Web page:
KFBRP was featured in a recent article in the Washington Post titled, With bioacoustics, conservationists try to save birds through their songs.
“Bioacoustic research uses sound to study land and marine environments, often focusing on animals in ecosystems that are hard to reach. What began decades ago as a way to listen to ocean sounds now uses artificial intelligence to analyze massive amounts of sound data from such environments as distant islands, remote jungles and massive tracts of land.”
In the article, Lisa “Cali” Crampton, KFBRP project leader, reminds us that the thrushes have a very important role. As the island’s primary fruit eater, they are responsible for spreading seeds over the forest. Without the Puaiohi, we have no forest. Without forests, we have no flood control. We have no drinking water. The forest is the backbone of these islands.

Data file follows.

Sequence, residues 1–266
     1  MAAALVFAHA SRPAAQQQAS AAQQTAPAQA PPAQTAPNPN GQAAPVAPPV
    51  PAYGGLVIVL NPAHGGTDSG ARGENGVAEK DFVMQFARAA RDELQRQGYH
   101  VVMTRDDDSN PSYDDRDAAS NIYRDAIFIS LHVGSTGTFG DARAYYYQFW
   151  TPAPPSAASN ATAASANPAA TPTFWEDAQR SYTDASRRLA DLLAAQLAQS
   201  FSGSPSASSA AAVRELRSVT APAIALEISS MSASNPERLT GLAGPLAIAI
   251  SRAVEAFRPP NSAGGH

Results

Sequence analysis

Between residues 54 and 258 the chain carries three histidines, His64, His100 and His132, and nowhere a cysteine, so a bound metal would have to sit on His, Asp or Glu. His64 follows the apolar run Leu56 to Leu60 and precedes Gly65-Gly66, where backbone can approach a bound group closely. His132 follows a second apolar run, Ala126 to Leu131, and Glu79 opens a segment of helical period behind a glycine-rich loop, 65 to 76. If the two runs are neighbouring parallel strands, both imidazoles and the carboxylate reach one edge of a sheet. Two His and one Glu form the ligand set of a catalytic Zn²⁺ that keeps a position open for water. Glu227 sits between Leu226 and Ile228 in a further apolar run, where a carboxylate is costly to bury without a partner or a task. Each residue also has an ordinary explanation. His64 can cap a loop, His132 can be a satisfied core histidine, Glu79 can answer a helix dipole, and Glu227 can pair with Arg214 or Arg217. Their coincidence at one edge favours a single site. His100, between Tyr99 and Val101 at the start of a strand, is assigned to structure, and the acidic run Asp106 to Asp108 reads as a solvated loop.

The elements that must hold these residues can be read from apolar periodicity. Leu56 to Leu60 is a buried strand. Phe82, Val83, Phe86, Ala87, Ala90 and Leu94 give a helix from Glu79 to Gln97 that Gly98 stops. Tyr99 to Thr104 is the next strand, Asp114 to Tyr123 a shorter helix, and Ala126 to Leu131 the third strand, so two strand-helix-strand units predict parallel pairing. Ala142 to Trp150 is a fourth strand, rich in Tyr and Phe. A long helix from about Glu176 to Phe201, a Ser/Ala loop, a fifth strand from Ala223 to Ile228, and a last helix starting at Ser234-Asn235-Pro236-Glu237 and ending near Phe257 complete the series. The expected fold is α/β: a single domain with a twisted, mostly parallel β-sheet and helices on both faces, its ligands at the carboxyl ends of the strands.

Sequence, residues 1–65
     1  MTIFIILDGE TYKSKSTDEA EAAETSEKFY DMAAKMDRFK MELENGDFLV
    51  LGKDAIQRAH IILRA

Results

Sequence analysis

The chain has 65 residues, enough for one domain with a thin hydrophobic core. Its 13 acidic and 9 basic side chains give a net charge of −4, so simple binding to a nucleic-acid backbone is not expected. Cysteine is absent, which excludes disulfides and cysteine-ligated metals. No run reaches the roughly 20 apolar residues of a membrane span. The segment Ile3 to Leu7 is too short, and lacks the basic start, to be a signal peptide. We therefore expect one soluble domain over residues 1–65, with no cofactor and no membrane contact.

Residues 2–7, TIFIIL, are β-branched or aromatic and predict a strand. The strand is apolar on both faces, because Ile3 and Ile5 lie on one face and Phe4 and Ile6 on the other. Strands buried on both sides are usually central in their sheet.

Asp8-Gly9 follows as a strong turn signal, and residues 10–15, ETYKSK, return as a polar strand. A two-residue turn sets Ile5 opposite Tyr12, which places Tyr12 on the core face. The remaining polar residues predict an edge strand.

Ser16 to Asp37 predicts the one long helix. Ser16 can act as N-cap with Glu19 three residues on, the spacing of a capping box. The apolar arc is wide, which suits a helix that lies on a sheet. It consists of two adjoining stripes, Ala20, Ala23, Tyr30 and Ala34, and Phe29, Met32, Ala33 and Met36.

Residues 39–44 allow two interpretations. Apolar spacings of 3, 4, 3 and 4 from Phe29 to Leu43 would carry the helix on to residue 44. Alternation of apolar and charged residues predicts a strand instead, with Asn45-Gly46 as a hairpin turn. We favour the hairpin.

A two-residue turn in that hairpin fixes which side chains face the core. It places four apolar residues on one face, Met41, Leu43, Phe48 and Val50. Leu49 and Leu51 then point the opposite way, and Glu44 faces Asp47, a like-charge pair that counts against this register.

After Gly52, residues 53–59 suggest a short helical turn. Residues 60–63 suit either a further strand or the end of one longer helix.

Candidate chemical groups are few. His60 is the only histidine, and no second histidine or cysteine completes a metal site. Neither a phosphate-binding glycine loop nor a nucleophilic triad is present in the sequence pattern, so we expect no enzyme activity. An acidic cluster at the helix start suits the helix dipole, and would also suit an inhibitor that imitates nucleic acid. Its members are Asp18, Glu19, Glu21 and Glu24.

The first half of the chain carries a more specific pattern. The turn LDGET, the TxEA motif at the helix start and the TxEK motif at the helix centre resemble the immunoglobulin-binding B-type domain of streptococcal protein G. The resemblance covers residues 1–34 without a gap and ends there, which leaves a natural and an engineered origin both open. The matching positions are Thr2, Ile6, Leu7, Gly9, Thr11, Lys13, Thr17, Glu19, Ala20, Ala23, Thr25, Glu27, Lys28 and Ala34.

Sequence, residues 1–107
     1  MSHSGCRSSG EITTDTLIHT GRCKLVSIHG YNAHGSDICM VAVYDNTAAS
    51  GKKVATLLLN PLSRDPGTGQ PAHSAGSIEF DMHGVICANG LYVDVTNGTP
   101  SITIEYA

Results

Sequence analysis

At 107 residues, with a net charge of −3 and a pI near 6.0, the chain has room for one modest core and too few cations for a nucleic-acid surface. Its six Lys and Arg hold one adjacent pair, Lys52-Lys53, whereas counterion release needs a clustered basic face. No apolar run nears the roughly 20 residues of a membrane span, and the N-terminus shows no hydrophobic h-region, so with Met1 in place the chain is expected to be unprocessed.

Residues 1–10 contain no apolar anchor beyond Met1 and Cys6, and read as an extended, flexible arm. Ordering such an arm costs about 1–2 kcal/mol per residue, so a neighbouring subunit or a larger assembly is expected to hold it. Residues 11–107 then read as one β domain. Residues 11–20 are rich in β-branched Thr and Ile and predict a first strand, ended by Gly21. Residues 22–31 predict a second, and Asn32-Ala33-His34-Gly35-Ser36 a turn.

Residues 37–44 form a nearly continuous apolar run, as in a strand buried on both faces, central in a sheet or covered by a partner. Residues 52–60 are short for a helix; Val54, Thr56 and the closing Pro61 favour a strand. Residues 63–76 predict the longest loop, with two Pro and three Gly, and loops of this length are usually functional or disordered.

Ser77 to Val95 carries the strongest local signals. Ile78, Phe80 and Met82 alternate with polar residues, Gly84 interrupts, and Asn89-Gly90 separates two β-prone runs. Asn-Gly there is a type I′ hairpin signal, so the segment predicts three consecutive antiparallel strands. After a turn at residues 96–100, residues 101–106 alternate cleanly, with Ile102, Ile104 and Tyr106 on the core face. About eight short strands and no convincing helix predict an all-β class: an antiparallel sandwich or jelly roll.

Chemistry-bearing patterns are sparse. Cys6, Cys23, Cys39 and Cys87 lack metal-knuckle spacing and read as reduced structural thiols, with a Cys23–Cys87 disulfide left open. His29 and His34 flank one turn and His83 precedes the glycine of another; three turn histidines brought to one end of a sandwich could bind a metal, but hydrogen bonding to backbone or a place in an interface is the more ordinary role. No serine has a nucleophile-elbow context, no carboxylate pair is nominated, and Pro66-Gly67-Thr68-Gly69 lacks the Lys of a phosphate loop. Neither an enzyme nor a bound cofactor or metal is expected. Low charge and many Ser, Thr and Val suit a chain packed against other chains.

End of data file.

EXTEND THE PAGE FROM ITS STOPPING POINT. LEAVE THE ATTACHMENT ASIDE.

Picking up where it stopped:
Check out the full article here.